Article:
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Monday, 2 November 2015

Three Stonehenge stumps


This is a very poor quality image, from the Atkinson Stonehenge collection.  The annotations are mine.  Standing bluestone 33 is at the edge of the pit.

There has been much speculation (not from the geologists, who have been rather careful) about "two Stonehenge bluestones" being transported from Rhosyfelin and put in position at Stonehenge.    These obviously have to be made of foliated rhyolite, and the only candidates here are stumps 32d and 32c, since they actually look as if they are foliated or laminated, with a broken and crumbly top surface in each case.    Stump 32e looks quite different, and as I have said many times before it looks rather like a dolerite.

These stumps have never been sampled or analysed properly, so they are somewhat mysterious.  That's very frustrating, since they are only just under the ground surface, and it would take just a few minutes of work to get down to them and to take samples -- but EH is not being particularly cooperative, for reasons that are unclear.

To repeat, the only things from Stonehenge to have been provenanced to the Rhosyfelin area are fragments of stone found in the debitage in the soil layer.  The geologists have suggested that all this debris might have come from the destruction of one or two standing stones -- but at the moment that is pure speculation, until stumps 32c and 32d can be sampled and matched up with analysed and identified fragments.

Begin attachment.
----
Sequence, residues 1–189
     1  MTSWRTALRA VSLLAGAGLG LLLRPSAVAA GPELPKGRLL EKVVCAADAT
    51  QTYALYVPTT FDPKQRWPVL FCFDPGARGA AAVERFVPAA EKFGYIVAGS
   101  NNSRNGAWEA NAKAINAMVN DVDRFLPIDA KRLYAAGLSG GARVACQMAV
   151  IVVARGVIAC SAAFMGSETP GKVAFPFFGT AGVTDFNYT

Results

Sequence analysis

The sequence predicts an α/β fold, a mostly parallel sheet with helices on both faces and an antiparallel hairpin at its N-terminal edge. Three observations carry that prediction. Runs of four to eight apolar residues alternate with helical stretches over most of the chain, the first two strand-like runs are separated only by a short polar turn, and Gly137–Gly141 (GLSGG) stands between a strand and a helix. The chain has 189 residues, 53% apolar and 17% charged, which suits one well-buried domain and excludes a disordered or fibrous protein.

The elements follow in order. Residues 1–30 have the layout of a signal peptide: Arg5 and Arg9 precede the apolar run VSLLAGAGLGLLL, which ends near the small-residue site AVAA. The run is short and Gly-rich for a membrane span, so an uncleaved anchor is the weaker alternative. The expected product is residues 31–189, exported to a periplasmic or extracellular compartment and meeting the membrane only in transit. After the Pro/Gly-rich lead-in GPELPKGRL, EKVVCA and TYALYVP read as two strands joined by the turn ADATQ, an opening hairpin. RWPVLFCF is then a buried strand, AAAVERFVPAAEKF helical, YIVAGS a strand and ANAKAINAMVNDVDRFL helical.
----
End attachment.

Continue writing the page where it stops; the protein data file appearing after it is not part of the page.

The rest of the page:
3 comments:

Myris of Alexandria said...

32c in other photos looks like volcanic group A in the pet rock boys revised nomenclature. Best to wait until Ixer and Bevins 2016 is published.
32d has a strong planar fabric and may be Cryf. This is most people's choice.
32e has a planar fabric look to the left of caption. This would be unusual for the dolerite plus Atkinson he, the photographer, called it rhyolite check in the book certainly did NOT call it dolerite, not 33 is a dolerite and next to it.
AHHHHHH
I can now see an argument for saying perhaps two from CRyf.
You have scored an own goal.
Myris

BRIAN JOHN said...

An own goal? I couldn't care less, one way or the other. Just an interesting little geological problem.

BRIAN JOHN said...

Yes, I can see the slight traces of diagonal banding / foliations, even though the quality of the pic is lousy. Could it be a volcanic ash? I have seen plenty of boulders in the area with that sort of surface expression.....

On the other hand there are dolerites on Carningli and elsewhere that do have clear banding in them, picked out by weathering. Would they then be called flow-banded dolerites? Will post some pics....